The hills of Durbanville have a special meaning for me, as that was where my parents farmed and made wine in the 1950s and 60s. I used to ride up and down the valley visiting my friends on my thick tyred black Raleigh pedal bike.
Many of the nine grape producers in the valley who supply the grapes to the state of the art Durbanville Hills Cellar were friends of my parents. I have met their strapping young grandsons and cousins at the winery. A circle completed.
The grapes for the Durbanville Hills Pinotage 2015 come from number of vineyards spread throughout this tiny wine ward, which shows the diversity of the grapes available to Founding Cellarmaster Martin Moore and his award-winning team.
The grapes were hand harvested and taken to the cellar where fermentation took place on the skins in closed stainless steel tanks. During this time pump overs took place to gently extract colour, flavours and tannins. Almost at the end of the fermentation period, the grapes were gently pressed and the fermentation allowed to complete itself. Once dry, the wine was taken to a variety of oak treatments, in some new French oak barrels, some in previously filled barrels, and some wood alternatives, which usually means oak staves. Gentle brushing with oak means that the wood is there as a gentle support to the fabulous elegant fruit of the Durbanville Pinotage grapes.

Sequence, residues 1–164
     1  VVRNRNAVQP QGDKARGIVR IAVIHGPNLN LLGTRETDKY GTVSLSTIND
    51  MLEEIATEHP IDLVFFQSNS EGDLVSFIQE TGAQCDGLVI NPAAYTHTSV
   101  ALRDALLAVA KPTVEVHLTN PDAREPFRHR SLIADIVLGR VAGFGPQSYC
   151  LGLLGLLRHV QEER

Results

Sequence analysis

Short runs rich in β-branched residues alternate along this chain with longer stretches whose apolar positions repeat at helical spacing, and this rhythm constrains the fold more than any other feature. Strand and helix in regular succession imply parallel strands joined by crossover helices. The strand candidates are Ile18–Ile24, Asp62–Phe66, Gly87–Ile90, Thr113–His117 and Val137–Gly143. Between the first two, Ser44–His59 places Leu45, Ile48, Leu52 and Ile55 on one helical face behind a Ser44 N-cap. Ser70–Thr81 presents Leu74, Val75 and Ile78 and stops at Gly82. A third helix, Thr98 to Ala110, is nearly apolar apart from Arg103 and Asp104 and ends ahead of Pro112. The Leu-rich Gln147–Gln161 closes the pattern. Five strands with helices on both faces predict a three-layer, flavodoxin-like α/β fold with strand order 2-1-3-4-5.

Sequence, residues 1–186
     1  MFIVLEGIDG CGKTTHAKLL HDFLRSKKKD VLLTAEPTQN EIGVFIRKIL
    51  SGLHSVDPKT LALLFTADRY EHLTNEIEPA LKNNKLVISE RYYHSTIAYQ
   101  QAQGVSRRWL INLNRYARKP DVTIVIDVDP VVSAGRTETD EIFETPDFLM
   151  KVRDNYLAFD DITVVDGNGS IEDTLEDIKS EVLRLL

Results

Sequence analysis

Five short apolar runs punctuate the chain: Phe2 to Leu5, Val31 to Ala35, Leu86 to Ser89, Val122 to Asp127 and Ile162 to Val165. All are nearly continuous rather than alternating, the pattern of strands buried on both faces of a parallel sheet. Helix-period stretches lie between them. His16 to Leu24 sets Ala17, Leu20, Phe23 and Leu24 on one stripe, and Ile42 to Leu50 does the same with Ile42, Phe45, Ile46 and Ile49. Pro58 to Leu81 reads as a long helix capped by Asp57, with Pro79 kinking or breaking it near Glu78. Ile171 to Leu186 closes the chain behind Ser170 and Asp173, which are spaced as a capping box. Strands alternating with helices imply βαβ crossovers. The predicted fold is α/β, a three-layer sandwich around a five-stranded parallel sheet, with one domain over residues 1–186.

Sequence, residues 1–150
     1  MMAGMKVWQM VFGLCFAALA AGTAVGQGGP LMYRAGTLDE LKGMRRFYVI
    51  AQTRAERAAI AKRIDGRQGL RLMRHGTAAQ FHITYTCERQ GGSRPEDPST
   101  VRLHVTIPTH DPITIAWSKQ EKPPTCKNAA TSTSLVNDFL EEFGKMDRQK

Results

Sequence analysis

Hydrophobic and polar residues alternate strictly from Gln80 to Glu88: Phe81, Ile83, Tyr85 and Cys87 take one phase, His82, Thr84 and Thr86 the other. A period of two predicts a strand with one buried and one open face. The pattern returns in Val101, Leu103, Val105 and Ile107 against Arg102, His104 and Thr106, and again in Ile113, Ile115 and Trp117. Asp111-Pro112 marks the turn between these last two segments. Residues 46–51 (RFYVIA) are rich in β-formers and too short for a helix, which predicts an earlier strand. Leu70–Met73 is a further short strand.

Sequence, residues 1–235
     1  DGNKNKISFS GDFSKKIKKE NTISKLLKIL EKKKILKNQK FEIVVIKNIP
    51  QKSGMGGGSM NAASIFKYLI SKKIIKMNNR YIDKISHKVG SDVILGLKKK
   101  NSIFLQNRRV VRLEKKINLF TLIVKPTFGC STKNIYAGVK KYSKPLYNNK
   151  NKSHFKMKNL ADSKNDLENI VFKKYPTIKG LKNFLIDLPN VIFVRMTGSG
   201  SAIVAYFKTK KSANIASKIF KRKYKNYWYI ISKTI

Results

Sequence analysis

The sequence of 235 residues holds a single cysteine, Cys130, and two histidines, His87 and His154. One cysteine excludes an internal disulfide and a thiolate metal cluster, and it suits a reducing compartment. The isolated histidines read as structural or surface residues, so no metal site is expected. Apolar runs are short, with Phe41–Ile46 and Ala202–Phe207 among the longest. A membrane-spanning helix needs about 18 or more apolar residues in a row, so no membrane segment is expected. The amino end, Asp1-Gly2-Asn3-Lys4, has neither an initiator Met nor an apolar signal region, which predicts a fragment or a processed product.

The wine was then prepared for bottling.
It looks like
Bottled in a Bordeaux shaped bottle under natural cork closure. The label is the classical diamond shaped livery. In the glass, a deep bloodplum red at the core which pales out to garnet at the rim.
It smells like
The raspberry of the Pinot Noir parent, the rustic fruits of the Hermitage [now known as Cinsaut], sweet brown spices and whiffs of cherry tobacco.
It tastes like
Sweet plums and red berries. Nice dark cherries and Agen prune plums. Perfect in balance, medium in body with the soft tannins and oak well interwoven. Gentle waning aftertaste.
It’s good with
Pinotage is easy to drink by the glass. And perfect with food. It loves gently spicy food like well flavoured sausage off the fire, Bobotie, North African Tagines, and the traditional Cape Snoek Smoor. Do chill the wine for about 30 minutes before you serve it. Ina Paarman’s Traditional Smoorsnoek hits the mark. Click here for her recipe.
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